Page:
So I decide to do the RESPONSIBLE thing and text him to see if he minds if I buy it because I’m a fucking wife now and I have to be all “considerate of my life partners feelings.” And then when it’s been over 5 minutes since I texted him and he hasn’t even had the courtesy to reply, all I can do is sit there and stew in my own self-righteoussness and indignance and be like, “Well I am an adult, I don’t NEED his permission like he’s my dad or something. I contribute to this household in other ways and HE’S NOT THE BOSS OF ME!!!”. And so I whip out my phone to text, “You know what?? I’m buying it!!!” and realize that I never actually hit “send” after I typed out the first text.

So then I send it and, like, 30 second later he writes back, “Yeah babe, go for it 🙂 :)” and then I feel like a total fucking asshole because my husband is so sweet and supportive that he’ll let me buy ridiculously overpriced body spray when he’s floating my ass, AND he will give me two smiley faces at that.

And to make up for the fact that I hurled insults at him in my head, which he was never even aware of, I sail past the seafood section where I notice that shrimp is on special and I decide to buy him shrimp, because he loves it. And then since we are having a special dinner and I will be smelling all fancy like peonies, I decide we can’t have a nice dinner without a great bottle of wine. Unfortunately, Calm-ass Husband isn’t a wine drinker, which means I also have to grab him a bottle of overpriced microbrew.

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As I finally breeze towards the frozen foods section, satisfied that my selfish overspending of $30 on body spray is now balanced out by my additional overspending of beer, and shrimp that my husband will have to cook himself since I don’t cook it, I am drawn in by the heavenly aroma of rich coffee. It smells of fairly traded beans that were grown in the shade, and didn’t disrupt the habitat of birds. I decide that all of my hard work deserves to be rewarded with a mocha, and walk right up to the coffee counter, where some girl in her early twenties, dressed exactly like Rosie the Riveter, is waiting to make my coffee.

As I briefly toy with the idea of pointing out to her that Rosie the Riveter was propaganda that served to get women out of the home and into “men’s” jobs during the war, after which many of them were fired so men could take back over, thus relegating the women back to domestic life, or menial jobs, I decide to not say anything and just revel in the irony that this modern day Rosie is slinging coffee for “the man.” I step forward and ask, “What sort of milk alternatives do you have?”, and then immediately hate myself for sounding like someone who shops at Whole Foods for vegetarian chicken and $30 body spray. I order my almond milk mocha and make a mental note to later make a point to litter, or drive through McDonald’s, to counteract the douchiness that just flew out of my mouth.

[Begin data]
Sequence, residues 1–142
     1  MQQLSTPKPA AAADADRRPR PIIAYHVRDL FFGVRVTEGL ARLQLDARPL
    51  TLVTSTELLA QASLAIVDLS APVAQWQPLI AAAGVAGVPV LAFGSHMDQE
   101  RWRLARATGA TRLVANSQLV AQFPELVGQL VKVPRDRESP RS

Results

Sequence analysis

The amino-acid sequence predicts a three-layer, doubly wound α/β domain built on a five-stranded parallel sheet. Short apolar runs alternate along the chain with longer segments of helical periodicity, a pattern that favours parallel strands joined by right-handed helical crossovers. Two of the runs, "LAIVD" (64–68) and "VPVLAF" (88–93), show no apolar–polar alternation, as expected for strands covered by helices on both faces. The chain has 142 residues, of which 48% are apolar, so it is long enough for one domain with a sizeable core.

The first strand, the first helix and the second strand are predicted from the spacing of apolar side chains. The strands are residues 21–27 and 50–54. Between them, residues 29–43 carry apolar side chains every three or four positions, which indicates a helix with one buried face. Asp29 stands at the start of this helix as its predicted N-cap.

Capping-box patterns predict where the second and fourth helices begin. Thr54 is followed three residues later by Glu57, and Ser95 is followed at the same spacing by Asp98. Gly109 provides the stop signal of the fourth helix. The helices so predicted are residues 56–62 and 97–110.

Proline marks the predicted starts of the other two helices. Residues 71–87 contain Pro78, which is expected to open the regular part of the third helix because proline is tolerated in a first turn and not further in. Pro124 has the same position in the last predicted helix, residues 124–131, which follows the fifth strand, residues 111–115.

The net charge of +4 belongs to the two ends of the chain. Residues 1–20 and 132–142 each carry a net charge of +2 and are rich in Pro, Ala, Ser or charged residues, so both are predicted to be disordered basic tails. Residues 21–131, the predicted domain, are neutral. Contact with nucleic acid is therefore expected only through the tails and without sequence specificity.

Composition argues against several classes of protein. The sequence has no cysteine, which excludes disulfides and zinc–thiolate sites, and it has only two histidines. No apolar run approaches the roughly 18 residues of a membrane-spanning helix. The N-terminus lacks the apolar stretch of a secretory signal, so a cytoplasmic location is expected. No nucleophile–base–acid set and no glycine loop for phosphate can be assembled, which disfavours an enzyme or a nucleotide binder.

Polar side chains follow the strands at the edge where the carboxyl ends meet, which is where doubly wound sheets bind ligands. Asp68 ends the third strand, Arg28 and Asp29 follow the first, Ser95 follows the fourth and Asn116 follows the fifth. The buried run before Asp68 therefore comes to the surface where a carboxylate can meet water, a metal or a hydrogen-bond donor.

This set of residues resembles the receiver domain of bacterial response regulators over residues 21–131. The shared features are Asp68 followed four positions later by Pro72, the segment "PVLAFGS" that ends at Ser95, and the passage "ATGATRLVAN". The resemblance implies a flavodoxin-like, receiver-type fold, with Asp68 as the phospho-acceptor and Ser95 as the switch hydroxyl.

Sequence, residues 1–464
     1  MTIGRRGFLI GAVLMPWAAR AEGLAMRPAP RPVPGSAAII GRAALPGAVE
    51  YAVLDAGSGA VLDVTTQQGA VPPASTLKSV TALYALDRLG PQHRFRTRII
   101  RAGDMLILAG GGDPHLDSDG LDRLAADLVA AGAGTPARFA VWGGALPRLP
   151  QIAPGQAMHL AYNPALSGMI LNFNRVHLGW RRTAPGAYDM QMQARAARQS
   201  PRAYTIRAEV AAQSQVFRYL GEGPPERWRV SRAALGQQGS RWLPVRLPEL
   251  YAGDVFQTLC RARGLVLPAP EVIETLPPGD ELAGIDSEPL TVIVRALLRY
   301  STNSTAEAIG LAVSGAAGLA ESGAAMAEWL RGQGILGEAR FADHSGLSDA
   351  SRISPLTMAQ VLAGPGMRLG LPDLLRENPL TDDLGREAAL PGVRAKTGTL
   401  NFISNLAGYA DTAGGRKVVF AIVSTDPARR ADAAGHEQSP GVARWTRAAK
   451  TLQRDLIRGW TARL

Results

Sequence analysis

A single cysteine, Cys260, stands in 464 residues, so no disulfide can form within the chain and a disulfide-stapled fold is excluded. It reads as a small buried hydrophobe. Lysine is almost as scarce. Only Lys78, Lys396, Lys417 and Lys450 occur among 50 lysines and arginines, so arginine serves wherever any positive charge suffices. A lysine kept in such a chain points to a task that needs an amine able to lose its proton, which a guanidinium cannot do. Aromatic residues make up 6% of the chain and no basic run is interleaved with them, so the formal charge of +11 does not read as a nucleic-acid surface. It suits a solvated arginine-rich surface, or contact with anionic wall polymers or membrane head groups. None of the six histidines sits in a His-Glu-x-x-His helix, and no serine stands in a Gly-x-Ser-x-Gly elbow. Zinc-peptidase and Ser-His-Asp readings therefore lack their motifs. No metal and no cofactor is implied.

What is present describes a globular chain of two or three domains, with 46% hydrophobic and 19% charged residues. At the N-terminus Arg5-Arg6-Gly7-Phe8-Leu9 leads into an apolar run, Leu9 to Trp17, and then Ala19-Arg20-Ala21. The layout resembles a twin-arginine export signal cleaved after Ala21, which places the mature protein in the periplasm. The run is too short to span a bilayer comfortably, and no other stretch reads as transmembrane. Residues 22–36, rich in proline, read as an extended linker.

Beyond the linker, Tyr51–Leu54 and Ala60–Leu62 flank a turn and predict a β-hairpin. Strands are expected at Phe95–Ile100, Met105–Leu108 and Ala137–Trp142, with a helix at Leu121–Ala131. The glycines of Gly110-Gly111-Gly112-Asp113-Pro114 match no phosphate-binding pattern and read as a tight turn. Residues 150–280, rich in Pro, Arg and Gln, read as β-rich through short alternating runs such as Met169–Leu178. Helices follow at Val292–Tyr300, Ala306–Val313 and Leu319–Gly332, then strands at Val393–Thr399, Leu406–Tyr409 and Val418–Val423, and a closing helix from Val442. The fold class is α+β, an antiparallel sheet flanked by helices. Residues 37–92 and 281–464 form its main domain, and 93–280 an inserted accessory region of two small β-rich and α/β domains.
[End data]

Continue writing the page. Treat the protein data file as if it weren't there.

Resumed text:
I finally manage to grab my vegetarian chicken patties and make my way to the counter, where the cashier has the audacity to ask me if I want to donate $1 to whatever charity they’re pimping out at the moment. I smile and say, “No thank you, I already gave to Spina Bifida” and grandly gesture towards my 5 avocados. I then depart Whole Foods, $63 lighter and with a sense of confusion over what just happened to the $57 I wasn’t planning on spending that day.

Ah Whole Foods, you cunning wench.

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4 thoughts on “How We Fall Victim to the Whole Foods Scheme, and Why I Should Not Be Allowed to Go to Whole Foods Alone.

  1. Cough. If this woman were an Eskimo, I could sell her refrigerators….

    Meanwhile the Pres of M-santo is rubbing his hands with glee, ’cause they probably own 125% of Whole Foods, and 222% of half foods.

    And you bought a $4 avocado and saved an entire tribe of Amazon Indians. Wow!

    When your mum gave the lecture on common sense and frugality, you were off playing with your Lego bricks, or your Barbies, or something…..
    ANNE: Your daughter ignored you, once! (The reprisals you will get from this will be worth good Karma points in your next life.)

    But there you are at the barricades, saving the world one avocado at a time. I sorta have to respect that. You see (and this is a truth), few people realize that the little things we do, are worth far more than we think. (Don’t argue with me, I have proof. A song once save my life. Thank Nena. Or, since you are reading my thoughts, you may wish she had nevvvver sung anything.)

    But here is a song for you then, ripped straight off the horrors of Youtube, to inspire you the next time you march into whole foods, to save some small part of our world. (You can’t save the whole thing all at once, so you have to start saving it a bit at a time. Think about that, and you will know I tell the truth.)
    Here is your song:

    Take care. Eat that avocado before it goes bad.

  2. aarrghh can I firstly say, thank you..and secondly arrgh….I came to your blog via the statement about miso pretty, I love the stuff too. Sadly (well OK not sadly) I live in ireland, I simply cannot buy the tulip stuff here. The manufacturers website don’t ship internationally, and of the two online retailers, one will get back to me on shipping (but it apparently has to be UPS and so think shipping costs being north of about $45 for a 2oz bottle of perfume)…and the other manufacturer wants close to $40 for one little tiny vial of roll on…

    I might just have to go and buy some essential oils and start to experiment…

    aside from that, though loved your post!

    Edel